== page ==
Laboratory of Plant Ecology: Induced and indirect plant resistance traits

Plants are constantly attacked by herbivores and pathogens. Because they cannot escape from undesirable conditions, plants have evolved phenotypic plasticity to adjust their phenotype to the current needs [1]. In our group (photo del grupo) we are interested in strategies that plants use for their defence. We study direct defences, which are usually mediated by toxins, and indirect defences via plant-carnivore mutualisms [2]. Obligate ant-plant mutualisms in particular can be highly sophisticated, allow the plant to get rid of almost all types of natural enemies, and include specific adaptations that make the mutualism specific and successful [3-5]. Plants even make use of volatile cues that are emitted from infected or infested neighbours. Responding adequately to the smell of suffering neighbours benefits plant survival in the natural environment [6].


We are ecologists and study various systems and mechanism as a broad approach to plant defence strategies. We work with beans with the aim to understand their inducible resistance to pathogens and herbivores, and we study an ant-Acacia mutualism to understand which adaptations are required to maintain this type of highly sophisticated defence-for-housing mutualism.

Wildtypes and cultivars of beans (Phaseolus lunatus and Phaseolus vulgaris) are screened for genotypes that resist infection or in which resistance can easily be induced (Elizabeth) via odour-mediated signalling processes (“plant communication”) (Saraí). Volatiles that are emitted from damaged or infected plants induce resistance in neighbouring plants [1-3], mediate systemic resistance in response to local damage [2, 4] and attract parasitoids and other carnivores that mediate an indirect defence of the plant [5]. Most of these effects are induced in response to a fist damaging event. Plants do not feel pain but still respond to damage with hundreds of induced defensive responses, including volatile emission, the secretion of extrafloral nectar and numerous direct defences. How can plants perceive that they are damaged? Currently, we are searching for the compounds that mediate this “damaged-self recognition” [6] (Ariana).

 Volatiles can, however, also be used by herbivores as host-localisation cues and it appears possible that even pathogens manipulate the odour of their  host plant in order to facilitate the attraction of their vectors (Ithaí). Due to the numerous disadvantages of facultative mutualisms it appears more reliable to engage obligate mutualists in defensive interactions, which do not need to be attracted by signals that can also be used by non-mutualistic organisms. This type of mutualism exists for example in the case of Central American Acacia plants, which are inhabited by defending ants of the genus Pseudomyrmex. The plants provide food rewards and nesting space [7, 8] to ant colonies that nest on these plants. In order to keep the mutualism stable, both partners must be phenotypically plastic and specialized to make efficient use of the rewards and services that are provided by the other partner [8-10]. For example, the extrafloral nectar plants produce to nourish their ant inhabitants is right in sugars and amino acids but at the same time protected from infection by means of specific antimicrobial proteins [11-13]. We study the chemical composition of food bodies (Domancar), because they need to be defended from non-mutualists and at the same time represent a palatable food source for the mutualistic ants. We also investigate how ant queens (Rosario) can localise their specific host plants and how food reward production can be adjusted to the species of ant that inhabits an Acacia shrub (Daniel). Our central aim is to understand how plants employ the phenotypic plasticity of their resistance traits to defend themselves against their enemies. We hope that some of these traits in the future can be used as environmentally friendly crop protection strategies.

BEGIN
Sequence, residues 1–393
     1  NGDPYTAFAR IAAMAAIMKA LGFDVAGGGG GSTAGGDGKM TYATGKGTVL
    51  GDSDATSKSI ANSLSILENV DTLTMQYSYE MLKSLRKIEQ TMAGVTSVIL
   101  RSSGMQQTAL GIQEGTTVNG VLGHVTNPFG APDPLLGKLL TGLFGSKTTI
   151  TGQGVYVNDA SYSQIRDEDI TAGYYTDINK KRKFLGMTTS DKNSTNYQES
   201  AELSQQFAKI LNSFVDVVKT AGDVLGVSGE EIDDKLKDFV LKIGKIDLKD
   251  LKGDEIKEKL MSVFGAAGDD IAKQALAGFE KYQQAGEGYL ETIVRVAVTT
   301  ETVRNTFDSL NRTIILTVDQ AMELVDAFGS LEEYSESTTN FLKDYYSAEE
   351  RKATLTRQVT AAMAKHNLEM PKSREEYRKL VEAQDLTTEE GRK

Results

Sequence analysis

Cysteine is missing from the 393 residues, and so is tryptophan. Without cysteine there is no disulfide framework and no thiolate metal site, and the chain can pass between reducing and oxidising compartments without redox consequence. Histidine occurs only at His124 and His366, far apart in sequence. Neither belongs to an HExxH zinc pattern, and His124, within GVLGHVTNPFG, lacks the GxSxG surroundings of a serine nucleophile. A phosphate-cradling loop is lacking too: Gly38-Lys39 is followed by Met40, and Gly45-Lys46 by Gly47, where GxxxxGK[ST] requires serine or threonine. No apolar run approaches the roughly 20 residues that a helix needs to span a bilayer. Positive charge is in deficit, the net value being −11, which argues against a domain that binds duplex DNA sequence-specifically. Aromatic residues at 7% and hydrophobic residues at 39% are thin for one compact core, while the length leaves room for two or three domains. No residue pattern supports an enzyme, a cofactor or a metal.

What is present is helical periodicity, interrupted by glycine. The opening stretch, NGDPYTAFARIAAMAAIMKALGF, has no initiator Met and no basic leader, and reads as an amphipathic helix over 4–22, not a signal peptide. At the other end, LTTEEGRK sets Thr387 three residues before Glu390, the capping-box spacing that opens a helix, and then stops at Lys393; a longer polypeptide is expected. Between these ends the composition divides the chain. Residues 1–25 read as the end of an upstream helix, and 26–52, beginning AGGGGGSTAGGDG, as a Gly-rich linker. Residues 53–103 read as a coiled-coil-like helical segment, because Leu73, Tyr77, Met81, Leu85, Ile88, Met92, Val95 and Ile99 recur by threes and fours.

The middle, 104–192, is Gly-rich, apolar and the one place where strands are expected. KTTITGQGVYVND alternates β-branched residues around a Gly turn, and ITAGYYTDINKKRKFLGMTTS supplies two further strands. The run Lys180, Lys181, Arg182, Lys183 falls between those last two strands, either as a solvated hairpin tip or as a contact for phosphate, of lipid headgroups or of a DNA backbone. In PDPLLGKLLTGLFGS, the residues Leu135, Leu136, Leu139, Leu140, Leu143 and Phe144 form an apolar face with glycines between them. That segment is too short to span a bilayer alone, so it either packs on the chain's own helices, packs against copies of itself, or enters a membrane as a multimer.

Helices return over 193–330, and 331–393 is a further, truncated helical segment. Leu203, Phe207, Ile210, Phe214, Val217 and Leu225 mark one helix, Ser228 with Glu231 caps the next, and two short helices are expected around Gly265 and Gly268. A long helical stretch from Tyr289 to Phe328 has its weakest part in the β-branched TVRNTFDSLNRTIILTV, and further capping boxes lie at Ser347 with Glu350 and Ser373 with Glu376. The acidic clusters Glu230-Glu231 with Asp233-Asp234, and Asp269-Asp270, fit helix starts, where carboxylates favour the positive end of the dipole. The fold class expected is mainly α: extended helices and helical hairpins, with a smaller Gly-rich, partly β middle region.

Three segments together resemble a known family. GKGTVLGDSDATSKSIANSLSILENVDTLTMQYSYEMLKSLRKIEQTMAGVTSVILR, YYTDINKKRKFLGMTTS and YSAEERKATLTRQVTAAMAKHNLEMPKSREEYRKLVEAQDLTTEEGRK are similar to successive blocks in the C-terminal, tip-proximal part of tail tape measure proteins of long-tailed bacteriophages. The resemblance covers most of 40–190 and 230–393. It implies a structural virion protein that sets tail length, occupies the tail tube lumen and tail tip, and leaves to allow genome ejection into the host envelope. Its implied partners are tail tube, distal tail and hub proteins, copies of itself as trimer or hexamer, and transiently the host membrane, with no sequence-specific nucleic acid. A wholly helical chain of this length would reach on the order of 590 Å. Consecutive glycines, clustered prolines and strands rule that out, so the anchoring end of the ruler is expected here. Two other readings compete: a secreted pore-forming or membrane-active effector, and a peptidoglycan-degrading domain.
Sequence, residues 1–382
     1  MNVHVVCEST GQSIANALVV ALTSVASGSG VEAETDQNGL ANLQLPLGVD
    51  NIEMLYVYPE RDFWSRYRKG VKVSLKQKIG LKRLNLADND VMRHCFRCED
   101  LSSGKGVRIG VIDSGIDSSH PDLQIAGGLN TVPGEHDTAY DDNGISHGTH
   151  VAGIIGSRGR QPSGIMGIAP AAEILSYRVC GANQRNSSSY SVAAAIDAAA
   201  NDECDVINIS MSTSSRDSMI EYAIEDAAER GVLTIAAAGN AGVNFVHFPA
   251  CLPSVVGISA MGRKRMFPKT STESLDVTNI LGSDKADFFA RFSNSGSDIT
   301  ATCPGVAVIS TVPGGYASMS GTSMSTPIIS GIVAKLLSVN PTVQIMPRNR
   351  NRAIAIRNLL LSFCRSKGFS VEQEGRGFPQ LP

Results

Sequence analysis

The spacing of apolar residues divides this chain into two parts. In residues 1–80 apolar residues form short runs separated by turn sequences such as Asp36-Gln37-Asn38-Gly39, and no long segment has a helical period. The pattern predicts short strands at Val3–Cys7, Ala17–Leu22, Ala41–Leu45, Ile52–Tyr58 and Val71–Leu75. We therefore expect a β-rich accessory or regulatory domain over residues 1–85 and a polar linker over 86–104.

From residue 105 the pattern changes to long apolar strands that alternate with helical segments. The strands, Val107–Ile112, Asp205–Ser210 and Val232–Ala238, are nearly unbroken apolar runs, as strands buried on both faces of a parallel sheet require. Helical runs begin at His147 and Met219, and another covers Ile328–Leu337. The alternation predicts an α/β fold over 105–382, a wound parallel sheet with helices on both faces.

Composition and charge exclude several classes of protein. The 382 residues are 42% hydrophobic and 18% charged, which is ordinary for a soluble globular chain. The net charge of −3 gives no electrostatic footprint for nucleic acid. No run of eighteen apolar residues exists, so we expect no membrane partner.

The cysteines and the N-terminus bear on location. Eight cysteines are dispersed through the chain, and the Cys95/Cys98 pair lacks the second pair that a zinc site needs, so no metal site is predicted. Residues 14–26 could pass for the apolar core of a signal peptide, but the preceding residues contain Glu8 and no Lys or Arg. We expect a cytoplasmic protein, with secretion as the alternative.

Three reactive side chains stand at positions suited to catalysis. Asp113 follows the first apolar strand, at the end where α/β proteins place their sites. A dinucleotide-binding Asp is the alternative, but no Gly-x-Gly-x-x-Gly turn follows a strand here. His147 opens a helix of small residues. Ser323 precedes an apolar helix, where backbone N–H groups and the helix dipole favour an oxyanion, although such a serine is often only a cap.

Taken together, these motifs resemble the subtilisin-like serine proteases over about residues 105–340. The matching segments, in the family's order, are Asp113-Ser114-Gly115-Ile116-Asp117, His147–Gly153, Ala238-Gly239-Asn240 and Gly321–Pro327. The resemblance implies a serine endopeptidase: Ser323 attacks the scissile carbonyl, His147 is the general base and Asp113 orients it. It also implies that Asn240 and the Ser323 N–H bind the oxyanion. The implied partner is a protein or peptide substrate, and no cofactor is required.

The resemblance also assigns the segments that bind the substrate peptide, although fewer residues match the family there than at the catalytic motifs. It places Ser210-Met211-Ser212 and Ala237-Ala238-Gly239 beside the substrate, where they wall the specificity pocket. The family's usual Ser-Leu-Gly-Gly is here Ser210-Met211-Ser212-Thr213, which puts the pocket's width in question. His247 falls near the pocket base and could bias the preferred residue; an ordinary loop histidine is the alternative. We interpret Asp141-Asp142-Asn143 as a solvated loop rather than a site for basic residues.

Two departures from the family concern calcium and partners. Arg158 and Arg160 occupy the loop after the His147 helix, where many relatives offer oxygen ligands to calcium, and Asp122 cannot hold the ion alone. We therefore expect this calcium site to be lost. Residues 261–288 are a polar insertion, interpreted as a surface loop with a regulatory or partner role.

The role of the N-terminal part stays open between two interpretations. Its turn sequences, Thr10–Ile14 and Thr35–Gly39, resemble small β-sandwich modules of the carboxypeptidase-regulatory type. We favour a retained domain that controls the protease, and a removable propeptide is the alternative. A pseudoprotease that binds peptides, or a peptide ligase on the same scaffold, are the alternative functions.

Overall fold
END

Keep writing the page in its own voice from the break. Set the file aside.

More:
1. Heil, M. (2010) Plastic defence expression in plants. Evol. Ecol. 24, 555-569
  2. Heil, M. (2008) Indirect defence via tritrophic interactions. New Phytol. 178, 41-61
  3. Heil, M., et al. (2009) Divergent investment strategies of Acacia myrmecophytes and the coexistence of mutualists and exploiters. Proc. Natl. Acad. Sci. USA 106, 18091–18096
  4. Heil, M., et al. (2004) Evolutionary change from induced to constitutive expression of an indirect plant resistance. Nature 430, 205-208
  5. Heil, M., et al. (2005) Post-secretory hydrolysis of nectar sucrose and specialization in ant/plant mutualism. Science 308, 560-563
  6. Heil, M., and Silva Bueno, J.C. (2007) Within-plant signaling by volatiles leads to induction and priming of an indirect plant defense in nature. Proc. Natl. Acad. Sci. USA 104, 5467-5472
  7. Heil, M., and Ton, J. (2008) Long-distance signalling in plant defence. Trends Plant Sci. 13, 264-272
  8. Heil, M., and Karban, R. (2010) Explaining evolution of plant communication by airborne signals. Trends Ecol. Evol. 25, 137-144
  9. Yi, H.-S., et al. (2009) Airborne induction and priming of plant resistance to a bacterial pathogen. Plant Physiol. 151, 2152–2161
  10. Heil, M., et al. (2010) Chemical communication and coevolution in an ant-plant mutualism. Chemoecology 20, 63-
  11. González-Teuber, M., et al. (2009) Pathogenesis-related proteins protect extrafloral nectar from microbial infestation. Plant J. 58, 464–473
  12. González-Teuber, M., and Heil, M. (2009) Nectar chemistry is tailored for both attraction of mutualists and protection from exploiters. Plant Signal. Behav. 4, 809-813
  13. González-Teuber, M., et al. (2010) Glucanases and chitinases as causal agents in the protection of Acacia extrafloral nectar from infestation by phytopathogens. Plant Physiol. 152, 1705–1715